On the evening of 7 April, 26-year-old Vivekananda Sharma finally broke down.

For three days his family had survived on tiny portions of food. Early morning every day, Sharma would queue up for hours for a meal of lemon rice distributed in a nearby bus terminus. On that day, Sharma’s four-month-old daughter had had nothing but water; his wife was too hungry to breastfeed the child and they had no money to buy milk.

“The circumstances forced me to beg for food for the first time in life…if the lockdown is lifted, we can return to my village. We can live on salt and roti,” said Sharma, a migrant worker from Jharkhand living on the outskirts of Bengaluru city in Karnataka.

Thanks to a kindly private donor, he now has a week’s supply of grains, pulses and edible oil.

Sharma, who worked as a carpenter before losing his job two weeks back, dreads the future—stranded jobless in a city hundreds of kilometres away from home, his hopes of returning to his village, like millions of other migrant casual workers, are now bleak.

Struggling to contain the rapid spread of covid-19 infections, India is considering whether to extend the three-week national lockdown that’s been in force since 25 March. An extension will hurt the millions who are stuck without a job, dependent on charity to stave off hunger.

There is no hard data on the number of migrants in India dependent on daily wages—though over 13 million migrated out of their own states in search of work, shows data from the 2011 Census. The government told the Supreme Court last week that between 500,000 to 600,000 migrants were walking to reach their villages. Several of these barefoot migrants either died from the exertion of the arduous journey or were run over by vehicles.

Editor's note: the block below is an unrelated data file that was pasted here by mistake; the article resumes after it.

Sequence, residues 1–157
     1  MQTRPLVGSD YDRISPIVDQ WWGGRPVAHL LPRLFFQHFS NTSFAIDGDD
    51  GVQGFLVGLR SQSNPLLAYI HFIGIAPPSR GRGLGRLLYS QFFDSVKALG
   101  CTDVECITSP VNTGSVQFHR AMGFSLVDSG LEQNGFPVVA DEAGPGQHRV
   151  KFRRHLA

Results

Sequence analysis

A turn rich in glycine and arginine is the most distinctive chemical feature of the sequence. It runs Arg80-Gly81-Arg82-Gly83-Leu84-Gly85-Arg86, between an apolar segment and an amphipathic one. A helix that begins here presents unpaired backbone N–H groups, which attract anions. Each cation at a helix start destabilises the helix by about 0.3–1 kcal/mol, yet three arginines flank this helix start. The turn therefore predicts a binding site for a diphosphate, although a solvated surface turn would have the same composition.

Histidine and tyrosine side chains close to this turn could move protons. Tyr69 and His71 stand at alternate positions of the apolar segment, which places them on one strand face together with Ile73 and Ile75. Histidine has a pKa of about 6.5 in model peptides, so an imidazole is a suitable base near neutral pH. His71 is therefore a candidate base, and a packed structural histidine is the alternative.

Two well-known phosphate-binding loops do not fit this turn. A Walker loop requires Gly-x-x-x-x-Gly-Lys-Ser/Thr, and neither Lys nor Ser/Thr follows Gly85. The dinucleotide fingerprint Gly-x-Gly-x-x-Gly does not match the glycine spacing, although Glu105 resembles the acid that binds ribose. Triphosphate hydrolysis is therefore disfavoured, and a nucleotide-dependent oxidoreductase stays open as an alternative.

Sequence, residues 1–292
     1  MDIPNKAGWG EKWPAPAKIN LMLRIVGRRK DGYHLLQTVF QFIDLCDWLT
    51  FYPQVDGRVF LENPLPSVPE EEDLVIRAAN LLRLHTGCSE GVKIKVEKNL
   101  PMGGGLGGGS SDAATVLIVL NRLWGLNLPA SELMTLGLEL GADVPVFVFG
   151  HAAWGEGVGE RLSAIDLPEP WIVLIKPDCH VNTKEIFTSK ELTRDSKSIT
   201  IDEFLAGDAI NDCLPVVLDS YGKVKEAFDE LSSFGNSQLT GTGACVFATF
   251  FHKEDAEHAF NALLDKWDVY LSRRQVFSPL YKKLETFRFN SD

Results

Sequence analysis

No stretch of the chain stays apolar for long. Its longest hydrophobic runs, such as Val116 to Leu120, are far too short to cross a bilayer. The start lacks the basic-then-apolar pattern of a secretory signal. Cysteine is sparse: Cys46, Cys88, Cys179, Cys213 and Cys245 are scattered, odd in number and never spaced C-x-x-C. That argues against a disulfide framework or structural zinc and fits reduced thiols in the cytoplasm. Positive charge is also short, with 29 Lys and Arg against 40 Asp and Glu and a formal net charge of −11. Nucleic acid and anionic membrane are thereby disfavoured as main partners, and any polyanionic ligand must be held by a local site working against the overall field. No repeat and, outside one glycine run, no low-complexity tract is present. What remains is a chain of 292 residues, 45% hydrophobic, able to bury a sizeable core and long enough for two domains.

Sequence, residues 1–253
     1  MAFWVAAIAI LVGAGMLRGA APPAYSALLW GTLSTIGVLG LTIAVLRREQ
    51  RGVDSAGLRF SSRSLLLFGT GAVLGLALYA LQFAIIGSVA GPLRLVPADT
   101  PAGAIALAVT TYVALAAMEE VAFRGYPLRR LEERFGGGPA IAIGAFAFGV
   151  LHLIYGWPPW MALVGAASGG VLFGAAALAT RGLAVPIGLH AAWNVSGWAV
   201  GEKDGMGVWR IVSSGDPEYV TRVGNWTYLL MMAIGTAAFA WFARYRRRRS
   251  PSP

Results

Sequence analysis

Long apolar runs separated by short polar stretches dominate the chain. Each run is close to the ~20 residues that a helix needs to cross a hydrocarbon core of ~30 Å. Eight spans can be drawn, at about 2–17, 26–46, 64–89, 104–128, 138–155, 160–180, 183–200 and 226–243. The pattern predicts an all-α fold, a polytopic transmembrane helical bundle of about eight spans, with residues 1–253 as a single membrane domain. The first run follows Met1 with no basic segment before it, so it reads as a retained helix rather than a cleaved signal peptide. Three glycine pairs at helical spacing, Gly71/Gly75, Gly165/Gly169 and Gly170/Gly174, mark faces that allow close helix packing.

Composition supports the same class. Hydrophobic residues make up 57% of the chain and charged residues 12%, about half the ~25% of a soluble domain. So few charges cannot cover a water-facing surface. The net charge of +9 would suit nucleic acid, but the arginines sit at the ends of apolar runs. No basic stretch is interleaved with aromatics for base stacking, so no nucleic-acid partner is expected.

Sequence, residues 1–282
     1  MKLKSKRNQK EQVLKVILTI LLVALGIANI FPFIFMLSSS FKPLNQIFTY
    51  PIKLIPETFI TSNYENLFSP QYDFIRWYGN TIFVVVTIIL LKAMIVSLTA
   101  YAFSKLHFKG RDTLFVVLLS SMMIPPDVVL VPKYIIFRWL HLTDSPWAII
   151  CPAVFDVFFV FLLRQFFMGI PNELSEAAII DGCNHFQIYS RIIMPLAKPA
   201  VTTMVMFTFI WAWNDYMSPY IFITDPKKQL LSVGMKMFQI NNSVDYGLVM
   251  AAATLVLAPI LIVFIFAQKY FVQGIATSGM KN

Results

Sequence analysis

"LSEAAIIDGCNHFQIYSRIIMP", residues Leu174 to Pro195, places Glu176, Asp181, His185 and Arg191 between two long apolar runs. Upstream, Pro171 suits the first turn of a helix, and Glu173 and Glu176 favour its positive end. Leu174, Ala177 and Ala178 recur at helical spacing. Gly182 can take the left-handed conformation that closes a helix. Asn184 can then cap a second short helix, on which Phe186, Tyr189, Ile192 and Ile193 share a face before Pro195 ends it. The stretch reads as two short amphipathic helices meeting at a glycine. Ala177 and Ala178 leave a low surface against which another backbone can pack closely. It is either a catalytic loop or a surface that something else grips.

A rapid assessment of migrant workers surveyed by the non-profit Jan Sahas released this week shows how hard the lockdown has hit them—42% of the 3,200 workers who were surveyed said they had nearly run out of food supplies, and 62% did not have any information on the emergency welfare measures announced by governments.

In any case, stranded migrants are unlikely to benefit from free grains from the public distribution system or the notional increase in wages under the employment guarantee scheme. Take, for instance, the case of Sheikh Asadullah, 42, and three other skilled embroiders from Howrah, West Bengal, now stuck in Krishnagiri district of Tamil Nadu.

After reaching out to some non-profits they received a cash transfer of 1,500. The money will be finished in the next two days. They can no longer afford breakfast or an evening snack. “If the lockdown is lifted we do not have money for a train ticket,” Asadullah said. Even in a state like Tamil Nadu where the government is providing cash handouts and free grains to households enrolled under the public distribution system, migrants have been left out.

“The way out is to make the food subsidy scheme universal for the next four months so that anybody with any identity card can avail free food… more so since central agencies are sitting on excess food stocks,” said Rajendran Narayanan, assistant professor at the Azim Premji University, Bengaluru. Narayanan added that it is time states started talking to each other and registered migrants so that help can reach the stranded.

In a city like Mumbai—a hotspot of covid-19 infections—help for migrant workers has been tardy so far. “The desperation for food is increasing among those who worked as craftsmen and electricians or were employed by small shops,” said Sakina from LibTech India, a group of social workers and scientists working to improve delivery of public services.

On Wednesday, SWAN, a newly created charity network to support migrants, made a cash transfer of 1,000 to the bank account of Tilak Mahato, a migrant worker from Bihar now stranded in Ludhiana, Punjab. But nearly 800 was deducted by the public sector bank as charges for non-maintenance of minimum balance (this was reversed after Sakina flagged it on Twitter). The money will cover food expenses for Mahato’s family of four for a week. “After that we will have to depend on the local Gurudwara for food,” Mahato said.

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